Being able to read books translated into English from another language can only broaden our horizons. Books from other cultures allow us to savour their differences and enjoy forms and conventions of art in picture books that are perhaps different from our own. Here Deborah Hallford from Outside In World chooses her top ten children’s books in translation.
Happiness is a Watermelon on your Head Stella Dreis, translated and rewritten from Portuguese by Daniel Hahn, Phoenix Yard Books, 978 1 907912 05 4, £6.99 pbk
Why is Miss Jolly so happy? She exudes a cheerfulness that proves extremely irritating to her miserable neighbours Miss Whimper, Miss Grouch and Miss Stern. In their desperate quest to find out the secret of her happiness, they create weird and wonderful hats from all manner of strange objects, but nothing seems to do the trick. Until, that is, they are showered with watermelons!
The illustrations are a riot of colour, eccentric, larger-than-life characters filling every page. The text perfect matches the artwork, brilliant rhyming verse by Daniel Hahn swooping across the pages . 4+
The Sun is Yellow, Kveta Pacovská, translated from German, Tate Publishing, 978 1 84976 064 5, £14.99 hbk
The Sun is Yellow is an adventure through the magical world of colour. With die-cut pages, lift-the-flaps to open and hidden characters to discover, Czech artist Kveta Pacovská’s unique style fires the imagination. Children will love experimenting with the wheel of colour or opening the flaps to discover what is inside. The text is sparse but poetic and the characters are witty and amusing: the miserable snail that only sees the world in black and white, the optimistic frog that helps him find the colour in his life. 5+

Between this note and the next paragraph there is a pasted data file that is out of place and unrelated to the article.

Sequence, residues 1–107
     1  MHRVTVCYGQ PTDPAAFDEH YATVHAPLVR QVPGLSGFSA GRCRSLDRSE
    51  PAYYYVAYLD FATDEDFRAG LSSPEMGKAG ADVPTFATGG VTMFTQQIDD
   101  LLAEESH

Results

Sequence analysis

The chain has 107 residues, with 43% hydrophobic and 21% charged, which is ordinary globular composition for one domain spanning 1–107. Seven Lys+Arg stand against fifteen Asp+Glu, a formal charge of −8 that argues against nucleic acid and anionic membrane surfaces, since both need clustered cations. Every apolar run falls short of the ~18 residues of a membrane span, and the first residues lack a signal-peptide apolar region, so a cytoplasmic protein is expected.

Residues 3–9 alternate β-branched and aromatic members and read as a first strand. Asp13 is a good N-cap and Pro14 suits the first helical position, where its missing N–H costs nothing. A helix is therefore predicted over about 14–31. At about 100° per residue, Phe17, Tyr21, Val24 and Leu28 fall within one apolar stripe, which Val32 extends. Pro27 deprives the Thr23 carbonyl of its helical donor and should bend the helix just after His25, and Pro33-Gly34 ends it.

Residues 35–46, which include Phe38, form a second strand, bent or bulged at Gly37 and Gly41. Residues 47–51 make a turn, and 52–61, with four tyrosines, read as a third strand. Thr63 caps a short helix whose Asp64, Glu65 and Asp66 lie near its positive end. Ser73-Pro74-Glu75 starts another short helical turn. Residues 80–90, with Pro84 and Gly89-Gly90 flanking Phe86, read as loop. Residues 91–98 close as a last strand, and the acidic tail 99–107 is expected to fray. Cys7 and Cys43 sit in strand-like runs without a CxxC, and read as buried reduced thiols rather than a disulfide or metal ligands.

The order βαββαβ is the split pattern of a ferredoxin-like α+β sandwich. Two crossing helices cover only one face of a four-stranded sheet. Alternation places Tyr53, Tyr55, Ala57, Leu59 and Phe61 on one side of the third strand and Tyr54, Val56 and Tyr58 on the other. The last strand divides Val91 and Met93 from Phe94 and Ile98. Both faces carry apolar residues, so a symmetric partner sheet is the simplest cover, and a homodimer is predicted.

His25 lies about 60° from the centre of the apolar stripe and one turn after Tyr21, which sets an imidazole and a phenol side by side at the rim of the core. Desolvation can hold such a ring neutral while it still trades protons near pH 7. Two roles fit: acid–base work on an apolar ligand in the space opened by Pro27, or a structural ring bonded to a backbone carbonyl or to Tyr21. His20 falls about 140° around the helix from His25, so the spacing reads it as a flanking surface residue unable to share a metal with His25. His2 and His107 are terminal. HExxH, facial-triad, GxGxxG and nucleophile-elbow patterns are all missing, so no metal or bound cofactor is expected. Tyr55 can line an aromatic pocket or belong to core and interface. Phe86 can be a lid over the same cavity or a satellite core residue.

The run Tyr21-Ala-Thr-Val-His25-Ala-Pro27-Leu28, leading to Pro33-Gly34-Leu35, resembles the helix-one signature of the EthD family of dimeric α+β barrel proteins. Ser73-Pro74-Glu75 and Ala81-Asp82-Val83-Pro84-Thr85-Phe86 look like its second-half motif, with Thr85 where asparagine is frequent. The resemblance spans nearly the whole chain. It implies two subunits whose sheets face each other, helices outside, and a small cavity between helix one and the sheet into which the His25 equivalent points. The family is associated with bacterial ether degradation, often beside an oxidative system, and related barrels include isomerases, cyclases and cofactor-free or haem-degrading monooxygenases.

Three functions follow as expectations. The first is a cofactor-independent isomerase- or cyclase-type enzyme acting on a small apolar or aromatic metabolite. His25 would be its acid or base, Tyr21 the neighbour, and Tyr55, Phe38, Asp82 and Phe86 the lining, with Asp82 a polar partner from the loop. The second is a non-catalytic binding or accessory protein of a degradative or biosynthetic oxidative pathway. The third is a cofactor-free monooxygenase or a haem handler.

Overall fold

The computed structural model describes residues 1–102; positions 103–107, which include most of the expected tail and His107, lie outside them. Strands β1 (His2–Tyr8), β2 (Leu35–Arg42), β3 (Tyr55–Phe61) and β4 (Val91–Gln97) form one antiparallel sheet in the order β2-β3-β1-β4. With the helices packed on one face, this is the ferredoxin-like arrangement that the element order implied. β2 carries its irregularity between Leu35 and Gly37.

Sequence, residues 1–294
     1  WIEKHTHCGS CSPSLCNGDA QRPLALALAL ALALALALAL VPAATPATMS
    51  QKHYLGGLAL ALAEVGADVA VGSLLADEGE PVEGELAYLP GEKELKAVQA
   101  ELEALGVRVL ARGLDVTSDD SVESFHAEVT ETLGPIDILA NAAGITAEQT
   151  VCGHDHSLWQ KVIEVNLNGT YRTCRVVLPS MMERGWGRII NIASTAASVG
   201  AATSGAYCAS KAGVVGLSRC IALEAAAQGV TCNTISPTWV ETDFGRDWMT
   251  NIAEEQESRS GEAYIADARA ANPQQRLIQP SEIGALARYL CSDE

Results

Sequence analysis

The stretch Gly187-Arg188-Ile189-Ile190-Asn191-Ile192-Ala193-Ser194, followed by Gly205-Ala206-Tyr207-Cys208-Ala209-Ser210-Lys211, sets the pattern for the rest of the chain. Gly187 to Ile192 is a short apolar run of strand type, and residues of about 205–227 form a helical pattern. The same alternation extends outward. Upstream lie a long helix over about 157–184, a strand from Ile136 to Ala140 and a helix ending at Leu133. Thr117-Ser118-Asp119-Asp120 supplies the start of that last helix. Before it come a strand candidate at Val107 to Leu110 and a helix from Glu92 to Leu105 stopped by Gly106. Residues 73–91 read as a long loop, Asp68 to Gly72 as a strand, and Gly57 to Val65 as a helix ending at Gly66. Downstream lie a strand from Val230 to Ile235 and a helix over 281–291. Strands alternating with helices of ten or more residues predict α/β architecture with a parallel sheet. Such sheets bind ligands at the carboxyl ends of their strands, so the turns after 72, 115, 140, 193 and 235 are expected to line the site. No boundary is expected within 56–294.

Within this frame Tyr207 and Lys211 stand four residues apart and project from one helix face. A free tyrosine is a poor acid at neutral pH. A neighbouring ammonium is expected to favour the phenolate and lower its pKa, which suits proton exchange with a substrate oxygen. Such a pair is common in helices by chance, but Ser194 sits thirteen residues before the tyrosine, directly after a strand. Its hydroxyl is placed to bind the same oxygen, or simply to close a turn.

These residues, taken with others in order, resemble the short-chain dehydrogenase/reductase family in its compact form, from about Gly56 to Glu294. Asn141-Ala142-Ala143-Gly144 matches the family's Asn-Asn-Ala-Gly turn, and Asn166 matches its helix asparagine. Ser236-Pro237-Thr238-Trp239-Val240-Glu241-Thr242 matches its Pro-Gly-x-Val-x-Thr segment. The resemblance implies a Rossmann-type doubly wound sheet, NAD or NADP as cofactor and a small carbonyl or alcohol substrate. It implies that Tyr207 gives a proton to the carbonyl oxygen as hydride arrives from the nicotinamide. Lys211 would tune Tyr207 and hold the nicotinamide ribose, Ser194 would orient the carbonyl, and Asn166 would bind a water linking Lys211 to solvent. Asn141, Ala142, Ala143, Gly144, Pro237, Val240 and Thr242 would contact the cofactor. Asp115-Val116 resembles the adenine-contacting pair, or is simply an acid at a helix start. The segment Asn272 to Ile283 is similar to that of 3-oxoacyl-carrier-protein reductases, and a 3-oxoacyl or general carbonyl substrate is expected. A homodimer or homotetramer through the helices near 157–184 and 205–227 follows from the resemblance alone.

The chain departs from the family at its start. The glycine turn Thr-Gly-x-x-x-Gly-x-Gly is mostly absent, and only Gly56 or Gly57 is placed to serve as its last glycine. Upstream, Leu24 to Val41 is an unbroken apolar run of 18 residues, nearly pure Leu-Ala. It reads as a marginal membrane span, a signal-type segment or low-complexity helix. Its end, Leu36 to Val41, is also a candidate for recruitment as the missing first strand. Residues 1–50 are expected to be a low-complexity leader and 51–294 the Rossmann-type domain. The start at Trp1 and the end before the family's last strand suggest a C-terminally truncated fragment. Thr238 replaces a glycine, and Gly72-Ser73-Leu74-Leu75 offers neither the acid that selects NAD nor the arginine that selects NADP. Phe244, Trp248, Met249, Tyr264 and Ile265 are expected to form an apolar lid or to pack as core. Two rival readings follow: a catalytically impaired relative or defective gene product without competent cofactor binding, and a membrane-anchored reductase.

Tistou, the boy with green thumbs, Maurice Druon, translation by Humphrey Hare, updated by Francoise Jones, Illustrated by Ray Hedger, Hawthorn Press, 978 1 907359 08 7, £12.99 hbk
Eight-year-old Tistou is sent home from school after falling asleep in class. His father decides that he will continue his education by learning from real life and where better to start than in the garden! Now Tistou has no time to sleep because he learns the most extraordinary thing – ‘flowers prevent evil things from happening’. Written in 1957 and considered in France to be a classic on a par with The Little Prince this is a charming parable that deals with the darker side of human life, the insanity of war and mortality. 8+
Duck, Death and the Tulip, Wolf Erlbruch, translated from German by Catherine Chidgley, Gecko Press, 978 1 877467 17 0, £6.99 pbk
Duck is terrified when she realises that she is being stalked by an eerie skeletal figure in a checkered outfit. But as they begin to have philosophical conversations about the afterlife, Duck reluctantly accepts the presence of Death in her life. They even become friendly and when Duck dies Death gently places her body in the river laying a black tulip on her as he sends her on her way.
Although the figure of Death is scary, the illustrations have a delicacy and humour that help the reader cope with the immensity of the subject, getting across in a matter-of–fact way that where there is life, death is inevitable. 9+
Can You Whistle, Johanna? Ulf Stark, illustrated by Anna Höglund, translated from Swedish by Julia Marshall, Gecko Press, 978 0 9582598 2 8, £5.99 pbk
As two boys play together, Ulf talks about his grandfather. His friend Berra reflects that it must be nice to have a grandfather, so they set out to find him one. When they visit a retirement home the next day they identify the perfect candidate sitting alone in his room. ‘Grandpa Ned’ becomes Berra’s new adopted grandfather and the trio embark on a series of days out until one day the inevitable happens and the boys find Ned’s room is empty.
A memorable and thought-provoking book that conveys the message that true friendship can transcend age. It is delivered with sensitivity and wit, heightened further by Anna Höglund’s highly distinctive illustrations. 9+